This is a good article. Click here for more information.

U-101-class submarine

From Wikipedia, the free encyclopedia
Jump to: navigation, search
Class overview
Builders: Austriawerft, Trieste[1]
Operators:  Austro-Hungarian Navy
Preceded by: U-52-class submarine
Succeeded by: U-107-class submarine
Built: 1917–1918
Planned: 9
Completed: 0
Cancelled: 6
Scrapped: 3
Preserved: 0
General characteristics
Type: submarine
  • 428 t (472 short tons) surfaced
  • 620 t (680 short tons) submerged[1]
Length: 175 ft 6 in (53.49 m)[1]
Beam: 19 ft (5.8 m)[1]
Draft: 11 ft 10 in (3.61 m)[1]
  • 13.25 knots (24.54 km/h) surfaced
  • 8.25 knots (15 km/h) submerged[1]
Complement: 26[1]
  • 5 × 45 cm (17.7 in) torpedo tubes (4 bow, 1 stern); 10 torpedoes
  • 1 × 10 cm/35 (3.9 in) deck gun
  • 1 × 8 mm (.323 cal) machine gun[1]

The U-101 class was a class of nine submarines or U-boats planned for the Austro-Hungarian Navy (German: Kaiserliche und Königliche Kriegsmarine or K.u.K. Kriegsmarine) during World War I. The class was based on the Type 1916 S 1 design from Ungarische Unterseebotsbau AG. The first three boats were laid down in late 1917 and early 1918 by Austriawerft in Trieste, but none were launched or completed before the end of the war. None of the other six submarines was ever laid down.


Austria-Hungary's U-boat fleet was largely obsolete at the outbreak of World War I, and over the first two years of the war the Austro-Hungarian Navy focused its efforts on building a U-boat fleet for local defense within the Adriatic. Beginning in 1916, the Navy began building larger, ocean-going vessels for operation in the wider Mediterranean, outside the Adriatic.[2] With six of the larger submarines under construction, the Navy considered either building German Type UB III submarines under license or implementing the Type 1916 S 1 design submitted by Ungarische Unterseebotsbau AG (UBAG) of Fiume.[1]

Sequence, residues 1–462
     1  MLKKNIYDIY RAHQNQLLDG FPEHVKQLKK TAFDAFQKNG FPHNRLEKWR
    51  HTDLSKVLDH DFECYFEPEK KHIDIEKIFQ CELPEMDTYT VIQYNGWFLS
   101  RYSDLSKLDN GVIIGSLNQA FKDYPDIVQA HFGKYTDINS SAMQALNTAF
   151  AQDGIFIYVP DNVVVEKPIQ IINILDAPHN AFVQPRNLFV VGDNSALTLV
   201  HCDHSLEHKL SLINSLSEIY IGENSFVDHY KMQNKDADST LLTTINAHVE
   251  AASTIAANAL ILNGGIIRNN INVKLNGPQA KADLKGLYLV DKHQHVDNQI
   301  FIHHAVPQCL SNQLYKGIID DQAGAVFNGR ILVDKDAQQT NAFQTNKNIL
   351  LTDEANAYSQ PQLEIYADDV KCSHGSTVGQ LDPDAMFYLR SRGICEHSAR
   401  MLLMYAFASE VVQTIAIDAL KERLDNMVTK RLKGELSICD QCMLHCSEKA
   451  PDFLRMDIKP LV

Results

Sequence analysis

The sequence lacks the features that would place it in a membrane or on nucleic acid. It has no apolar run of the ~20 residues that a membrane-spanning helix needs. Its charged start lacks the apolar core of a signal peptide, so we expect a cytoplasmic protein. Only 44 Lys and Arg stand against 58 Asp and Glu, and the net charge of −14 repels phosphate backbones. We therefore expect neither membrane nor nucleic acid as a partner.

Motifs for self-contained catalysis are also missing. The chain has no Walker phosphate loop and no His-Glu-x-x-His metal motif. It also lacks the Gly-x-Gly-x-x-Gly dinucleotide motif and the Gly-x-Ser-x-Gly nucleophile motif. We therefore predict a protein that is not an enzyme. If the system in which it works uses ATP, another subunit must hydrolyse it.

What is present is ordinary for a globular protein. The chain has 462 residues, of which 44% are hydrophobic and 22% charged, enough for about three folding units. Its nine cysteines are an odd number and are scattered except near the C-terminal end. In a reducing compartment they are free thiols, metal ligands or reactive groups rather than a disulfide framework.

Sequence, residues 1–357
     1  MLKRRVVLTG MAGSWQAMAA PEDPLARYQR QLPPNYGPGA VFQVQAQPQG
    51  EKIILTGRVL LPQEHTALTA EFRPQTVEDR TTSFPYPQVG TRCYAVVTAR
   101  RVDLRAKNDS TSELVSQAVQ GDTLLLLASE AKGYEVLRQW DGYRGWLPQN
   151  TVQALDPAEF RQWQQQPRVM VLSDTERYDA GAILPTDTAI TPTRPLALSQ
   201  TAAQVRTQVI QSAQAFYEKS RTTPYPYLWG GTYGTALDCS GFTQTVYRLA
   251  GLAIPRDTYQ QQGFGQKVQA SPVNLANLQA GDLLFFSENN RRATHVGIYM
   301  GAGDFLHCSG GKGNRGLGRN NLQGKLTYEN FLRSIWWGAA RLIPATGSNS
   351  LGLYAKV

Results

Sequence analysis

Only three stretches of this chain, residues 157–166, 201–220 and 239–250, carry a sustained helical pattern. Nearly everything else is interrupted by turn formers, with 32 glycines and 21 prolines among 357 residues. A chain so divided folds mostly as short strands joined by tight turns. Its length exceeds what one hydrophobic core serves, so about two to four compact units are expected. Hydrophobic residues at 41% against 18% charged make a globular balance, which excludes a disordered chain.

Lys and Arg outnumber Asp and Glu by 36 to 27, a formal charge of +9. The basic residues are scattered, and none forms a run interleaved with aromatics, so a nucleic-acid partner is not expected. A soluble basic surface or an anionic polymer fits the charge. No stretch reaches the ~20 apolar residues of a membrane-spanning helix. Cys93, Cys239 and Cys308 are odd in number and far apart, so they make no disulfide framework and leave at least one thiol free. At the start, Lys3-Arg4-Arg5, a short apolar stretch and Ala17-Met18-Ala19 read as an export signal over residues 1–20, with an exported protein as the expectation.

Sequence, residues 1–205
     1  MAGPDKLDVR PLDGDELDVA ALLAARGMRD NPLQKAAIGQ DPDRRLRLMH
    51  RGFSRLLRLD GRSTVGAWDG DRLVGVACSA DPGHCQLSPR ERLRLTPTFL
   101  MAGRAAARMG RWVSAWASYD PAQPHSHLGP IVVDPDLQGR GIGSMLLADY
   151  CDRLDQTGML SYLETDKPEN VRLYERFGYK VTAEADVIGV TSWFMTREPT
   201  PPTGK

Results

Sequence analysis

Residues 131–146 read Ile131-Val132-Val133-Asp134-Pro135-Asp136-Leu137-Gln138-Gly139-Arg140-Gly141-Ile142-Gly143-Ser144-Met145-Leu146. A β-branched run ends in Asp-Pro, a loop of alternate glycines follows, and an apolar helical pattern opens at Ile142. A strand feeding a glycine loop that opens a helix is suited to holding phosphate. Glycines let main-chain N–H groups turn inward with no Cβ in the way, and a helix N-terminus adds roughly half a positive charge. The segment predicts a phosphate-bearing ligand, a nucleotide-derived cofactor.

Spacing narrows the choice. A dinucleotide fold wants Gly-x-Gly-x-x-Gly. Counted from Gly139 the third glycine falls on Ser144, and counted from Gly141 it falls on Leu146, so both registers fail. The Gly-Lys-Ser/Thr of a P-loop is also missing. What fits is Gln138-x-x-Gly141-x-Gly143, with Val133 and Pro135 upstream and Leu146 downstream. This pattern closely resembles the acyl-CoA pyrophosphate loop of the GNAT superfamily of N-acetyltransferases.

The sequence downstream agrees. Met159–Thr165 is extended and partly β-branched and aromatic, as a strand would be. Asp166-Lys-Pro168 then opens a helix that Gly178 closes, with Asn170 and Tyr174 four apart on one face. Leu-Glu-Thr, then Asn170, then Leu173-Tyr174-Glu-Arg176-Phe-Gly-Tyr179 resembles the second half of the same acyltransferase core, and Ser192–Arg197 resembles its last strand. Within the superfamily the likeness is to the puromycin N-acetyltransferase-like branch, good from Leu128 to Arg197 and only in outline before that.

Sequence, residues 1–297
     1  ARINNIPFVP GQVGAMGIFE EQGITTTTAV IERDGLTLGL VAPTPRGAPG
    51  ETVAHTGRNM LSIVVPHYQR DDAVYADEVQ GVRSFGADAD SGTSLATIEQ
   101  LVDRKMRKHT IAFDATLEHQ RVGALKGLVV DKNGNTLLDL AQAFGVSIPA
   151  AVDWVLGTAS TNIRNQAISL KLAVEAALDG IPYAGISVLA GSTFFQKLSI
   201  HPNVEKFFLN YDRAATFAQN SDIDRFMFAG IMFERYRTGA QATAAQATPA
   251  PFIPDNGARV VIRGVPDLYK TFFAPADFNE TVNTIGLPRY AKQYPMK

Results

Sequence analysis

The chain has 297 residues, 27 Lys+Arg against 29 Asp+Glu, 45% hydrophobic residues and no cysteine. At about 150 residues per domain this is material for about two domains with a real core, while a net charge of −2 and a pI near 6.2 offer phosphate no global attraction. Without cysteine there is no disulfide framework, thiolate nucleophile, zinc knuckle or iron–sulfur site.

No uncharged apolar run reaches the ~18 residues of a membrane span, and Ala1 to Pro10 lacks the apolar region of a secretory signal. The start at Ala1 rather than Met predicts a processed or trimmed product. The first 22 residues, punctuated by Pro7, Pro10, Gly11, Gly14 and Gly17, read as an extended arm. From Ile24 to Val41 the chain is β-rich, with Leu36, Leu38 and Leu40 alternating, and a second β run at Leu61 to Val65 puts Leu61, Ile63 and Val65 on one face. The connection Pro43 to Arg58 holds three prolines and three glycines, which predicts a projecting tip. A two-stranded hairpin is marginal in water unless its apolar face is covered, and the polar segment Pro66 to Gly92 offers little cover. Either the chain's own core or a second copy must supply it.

The U-101 class was based on the UBAG design, which called for a boat that displaced 428 t (472 short tons) surfaced and 620 t (680 short tons) submerged. The boats were to be 175 feet 6 inches (53.49 m) long with a beam of 19 feet (5.8 m) and a draft of 11 feet 10 inches (3.61 m). For propulsion, the design featured two shafts, with twin diesel engines of 1,060 bhp (790 kW) (total) for surface running at up to 13.25 knots (24.54 km/h), and twin electric motors of 788 shp (588 kW) (total) for submerged travel at up to 8.25 knots (15.3 km/h). The U-101 class boats were designed for a crew of 26 men.[1]

The U-101 design called for five 45 cm (17.7 in) torpedo tubes—four bow tubes and one stern tube—and a complement of nine torpedoes. The original design specified a single 10 cm/35 (3.9 in) deck gun supplemented with an 8 mm (0.31 in) machine gun.[1]


The Austro-Hungarian Navy authorized a total of nine U-101-class submarines, six numbered sequentially from U-101 to U-106, and another three, U-118 to U-120. Upon completion of the first six U-101 boats, the Navy intended to scrap its oldest six boats, U-1 to U-6, and drop the first two digits from the new boats so that, for example, U-101 would become the new U-1. In late 1917 and early 1918 the first three boats, U-101 to U-103, were laid down by Austriawerft at Trieste.[1][Note 1]

The boats were begun late in the war when shortages of skilled shipyard workers and materials were slowing construction of other boats under construction.[3] As a result, none of the first three boats was ever launched, much less completed, and the rest were cancelled before any were laid down. U-101 was 47% complete at war's end, while U-102 and U-103 were only 30% and 10% complete, respectively.[1] Although there is no specific mention of the fates of the three incomplete boats of the U-101 class, incomplete boats from other late-war classes were scrapped in 1919 and 1920.[4]


  1. ^ Austriawerft was the new, more-"patriotic" wartime name for Stabilimento Tecnico Triestino. See: Baumgartner and Sieche, as excerpted here (reprinted and translated into English by Sieche). Retrieved 2 December 2008.


  1. ^ a b c d e f g h i j k l m n Gardiner, p. 345.
  2. ^ Gardiner, p. 341.
  3. ^ Baumgartner and Sieche, as excerpted here (reprinted and translated into English by Sieche). Retrieved 2 December 2008.
  4. ^ Gardiner, p. 344.